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## Markov Processes

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Markov Processes

- Stochastic process
- movement through a series of well-defined states in a way that involves some element of randomness
- for our purposes,“states” are microstates in the governing ensemble
- Markov process
- stochastic process that has no memory
- selection of next state depends only on current state, and not on prior states
- process is fully defined by a set of transition probabilitiespij
- pij = probability of selecting state j next, given that presently in state i.
- Transition-probability matrix P collects all pij

Transition-Probability Matrix

- Example
- system with three states
- Requirements of transition-probability matrix
- all probabilities non-negative, and no greater than unity
- sum of each row is unity
- probability of staying in present state may be non-zero

If in state 1, will stay in state 1 with probability 0.1

If in state 1, will move to state 3 with probability 0.4

Never go to state 3 from state 2

Distribution of State Occupancies

- Consider process of repeatedly moving from one state to the next, choosing each subsequent state according to P
- 1 22132233123 etc.
- Histogram the occupancy number for each state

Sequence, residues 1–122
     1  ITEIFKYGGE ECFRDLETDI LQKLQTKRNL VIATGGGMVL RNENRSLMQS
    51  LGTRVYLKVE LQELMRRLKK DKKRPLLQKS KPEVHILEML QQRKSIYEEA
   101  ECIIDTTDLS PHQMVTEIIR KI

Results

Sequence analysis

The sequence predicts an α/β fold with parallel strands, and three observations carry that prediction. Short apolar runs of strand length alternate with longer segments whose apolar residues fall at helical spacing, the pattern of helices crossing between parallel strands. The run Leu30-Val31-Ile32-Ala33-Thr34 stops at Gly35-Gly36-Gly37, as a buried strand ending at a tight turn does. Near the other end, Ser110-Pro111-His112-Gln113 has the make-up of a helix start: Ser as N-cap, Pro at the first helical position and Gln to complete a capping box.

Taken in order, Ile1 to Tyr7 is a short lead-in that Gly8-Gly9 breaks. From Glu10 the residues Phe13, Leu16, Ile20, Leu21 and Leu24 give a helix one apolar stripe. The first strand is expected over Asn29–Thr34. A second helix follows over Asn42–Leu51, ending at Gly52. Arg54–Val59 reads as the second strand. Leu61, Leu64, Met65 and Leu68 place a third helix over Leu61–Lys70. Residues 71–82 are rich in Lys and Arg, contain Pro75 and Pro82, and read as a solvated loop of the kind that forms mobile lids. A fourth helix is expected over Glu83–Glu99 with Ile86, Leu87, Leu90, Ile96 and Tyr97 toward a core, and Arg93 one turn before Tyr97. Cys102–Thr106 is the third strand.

- n1 = 3 p1= 0.33
- n2 = 5p2 = 0.42
- n3 = 4 p3 = 0.25
- After very many steps, a limiting distribution emerges
- Click here for an applet that demonstrates a Markov process and its approach to a limiting distribution

2

1

3

The Limiting Distribution 1.

- Consider the product of P with itself
- In general is the n-step transition probability matrix
- probabilities of going from state i to j in exactly n steps

All ways of going from state 1 to state 2 in two steps

Probability of going from state 3 to state 2 in two steps

The Limiting Distribution 2.

- Define as a unit state vector
- Then is a vector of probabilities for ending at each state after n steps if beginning at state i
- The limiting distribution corresponds to n
- independent of initial state

The Limiting Distribution 3.

- Stationary property of p
- p is a left eigenvector of P with unit eigenvalue
- such an eigenvector is guaranteed to exist for matrices with rows that each sum to unity
- Equation for elements of limiting distribution p

not independent

Detailed Balance

- Eigenvector equation for limiting distribution
- A sufficient (but not necessary) condition for solution is
- “detailed balance” or “microscopic reversibility”
- Thus

For a given P, it is not always possible to satisfy detailed balance; e.g. for this P

zero

Deriving Transition Probabilities

- Turn problem around...
- …given a desired p, what transition probabilities will yield this as a limiting distribution?
- Construct transition probabilities to satisfy detailed balance
- Many choices are possible
- e.g.
- try them out

Least efficient

Most efficient

Barker

Metropolis

Metropolis Algorithm 1.